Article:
Three days after Little Boy' nearly wiped out an entire city from the face of the earth on August 6, 1945, the United States made up its mind to hit the final nail in Japan's war ambitions.
Striking a decisive blow to the Japan's ambitions riding with World War II, President Harry S Truman gave the order to his boys to drop a second atomic bomb.
'Fat Man' claimed 40,000 to 75,000 lives on detonation in Nagasaki. The radius of total destruction was about a mile (1 2 km), followed by fires across the northern portion of the city to two miles (3 km) south of the bomb.
Sixty-five years on, rediff.com reflects on the day 'Fat Man' unleashed havoc on Nagasaki.
Nagasaki was never the primary target
Interestingly, Nagasaki was never the primary target of the American bombers. At 3:47 a.m. on August 9, 1945, a B-29 namedBock's Car lifted off from Tinian and headed toward the primary target: Kokura Arsenal, a massive collection of war industries adjacent to the city of Kokura.
However, aircraft commander Major Charles W Sweeney couldn't drop his payload owing to bad weather and a malfunction on his aircraft that would not let him access his reserve fuel.
Kokura no longer appeared to be an option, and there was only enough fuel on board to return to the secondary airfield on Okinawa, making one hurried pass as they went over their secondary target, the city of Nagasaki.
Jacob Beser, an aircraft crew member, later stated: "There was no sense dragging the bomb home or dropping it in the ocean."
40 per cent bigger than Hiroshima bomb
At 11:02 am, at an altitude of 1,650 feet, Fat Man exploded over Nagasaki. The yield of the explosion was later estimated at 21 kilotons, 40 percent greater than that of the Hiroshima bomb.
Nagasaki was an industrial centre and major port on the western coast of Kyushu. As had happened at Hiroshima, the "all-clear" from an early morning air raid alert had long been given by the time the B-29 had begun its bombing run.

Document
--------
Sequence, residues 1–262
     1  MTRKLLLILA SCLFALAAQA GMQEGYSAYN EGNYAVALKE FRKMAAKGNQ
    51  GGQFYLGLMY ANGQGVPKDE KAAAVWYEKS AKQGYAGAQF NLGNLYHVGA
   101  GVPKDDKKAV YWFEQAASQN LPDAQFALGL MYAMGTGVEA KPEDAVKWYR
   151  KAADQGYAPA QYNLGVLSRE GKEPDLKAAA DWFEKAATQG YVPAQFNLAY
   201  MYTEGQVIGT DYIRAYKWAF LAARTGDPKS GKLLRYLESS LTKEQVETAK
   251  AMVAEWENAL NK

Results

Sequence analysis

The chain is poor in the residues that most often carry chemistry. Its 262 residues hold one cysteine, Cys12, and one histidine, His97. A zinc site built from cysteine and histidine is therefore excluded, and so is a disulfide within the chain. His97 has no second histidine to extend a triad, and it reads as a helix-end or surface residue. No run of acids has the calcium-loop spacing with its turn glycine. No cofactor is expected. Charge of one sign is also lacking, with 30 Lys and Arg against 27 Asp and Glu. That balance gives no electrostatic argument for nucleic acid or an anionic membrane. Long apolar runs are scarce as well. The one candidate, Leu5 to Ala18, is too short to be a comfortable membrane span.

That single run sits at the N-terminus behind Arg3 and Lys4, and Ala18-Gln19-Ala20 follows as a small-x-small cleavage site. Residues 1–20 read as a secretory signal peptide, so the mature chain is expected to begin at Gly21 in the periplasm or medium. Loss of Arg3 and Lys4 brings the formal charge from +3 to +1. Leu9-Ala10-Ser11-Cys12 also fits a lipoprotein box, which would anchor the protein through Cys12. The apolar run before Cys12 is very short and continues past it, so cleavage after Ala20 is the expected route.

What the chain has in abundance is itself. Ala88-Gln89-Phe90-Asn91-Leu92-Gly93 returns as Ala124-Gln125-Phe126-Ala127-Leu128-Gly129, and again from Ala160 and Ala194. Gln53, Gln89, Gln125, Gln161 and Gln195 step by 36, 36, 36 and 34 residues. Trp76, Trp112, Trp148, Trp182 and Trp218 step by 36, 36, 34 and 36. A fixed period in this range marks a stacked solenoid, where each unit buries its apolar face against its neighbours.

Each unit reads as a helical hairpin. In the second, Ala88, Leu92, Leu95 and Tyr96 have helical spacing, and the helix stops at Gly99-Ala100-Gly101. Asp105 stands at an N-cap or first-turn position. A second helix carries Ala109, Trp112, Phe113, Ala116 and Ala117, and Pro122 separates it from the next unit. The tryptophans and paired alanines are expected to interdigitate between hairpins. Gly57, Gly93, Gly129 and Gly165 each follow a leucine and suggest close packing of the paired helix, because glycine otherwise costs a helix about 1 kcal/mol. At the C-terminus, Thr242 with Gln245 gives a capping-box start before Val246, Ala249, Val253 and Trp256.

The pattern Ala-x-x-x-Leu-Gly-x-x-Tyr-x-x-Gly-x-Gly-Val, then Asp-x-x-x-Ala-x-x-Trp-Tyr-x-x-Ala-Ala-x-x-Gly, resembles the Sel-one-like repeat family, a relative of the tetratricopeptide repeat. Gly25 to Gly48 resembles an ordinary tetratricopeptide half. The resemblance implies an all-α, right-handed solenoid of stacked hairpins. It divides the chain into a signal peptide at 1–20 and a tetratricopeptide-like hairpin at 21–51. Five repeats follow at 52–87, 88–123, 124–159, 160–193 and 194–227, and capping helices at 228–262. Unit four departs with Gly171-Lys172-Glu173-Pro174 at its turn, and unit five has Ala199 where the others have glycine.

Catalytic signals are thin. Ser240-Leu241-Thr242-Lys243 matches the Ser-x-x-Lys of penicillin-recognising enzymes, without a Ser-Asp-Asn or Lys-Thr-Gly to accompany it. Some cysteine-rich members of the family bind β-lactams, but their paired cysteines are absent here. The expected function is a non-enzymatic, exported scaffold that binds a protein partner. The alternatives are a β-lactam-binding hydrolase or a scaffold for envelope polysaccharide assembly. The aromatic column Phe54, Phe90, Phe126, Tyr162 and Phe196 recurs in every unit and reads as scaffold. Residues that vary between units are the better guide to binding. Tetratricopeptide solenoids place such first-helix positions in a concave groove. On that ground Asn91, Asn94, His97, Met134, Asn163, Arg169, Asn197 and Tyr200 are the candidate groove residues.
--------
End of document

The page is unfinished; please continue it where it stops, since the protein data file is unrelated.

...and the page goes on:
A small conventional raid on Nagasaki on August 1 had resulted in a partial evacuation of the city, especially of school children. There were still almost 200,000 people in the city below the bomb when it exploded.
The hurriedly-targeted weapon ended up detonating almost exactly between two of the principal targets in the city, the Mitsubishi Steel and Arms Works to the south, and the Mitsubishi-Urakami Torpedo Works to the north. Had the bomb exploded farther south the residential and commercial heart of the city would have suffered much greater damage.
Hills saved Nagasaki
The hills of Nagasaki, its geographic layout, and the bomb's detonation over an industrial area all helped shield portions of the city from the weapon's blast, heat, and radiation effects.
The explosion affected a total area of approximately 43 square miles.
About 8.5 of those square miles were water, and 33 more square miles were only partially settled.
Many roads and rail lines escaped major damage. In some areas electricity was not knocked out, and fire breaks created over the last several months helped to prevent the spread of fires to the south.
Nagasaki has received less worldwide attention
Although the destruction at Nagasaki has generally received less worldwide attention than that at Hiroshima, it was extensive nonetheless.
Almost everything up to half a mile from ground zero was completely destroyed, including even the earthquake-hardened concrete structures that had sometimes survived at comparable distances at Hiroshima.
Almost all homes within a mile and a half were destroyed, and dry, combustible materials such as paper instantly burst into flames as far away as 10,000 feet from ground zero.
Of the 52,000 homes in Nagasaki, 14,000 were destroyed and 5,400 more seriously damaged. Only 12 per cent of the homes escaped unscathed.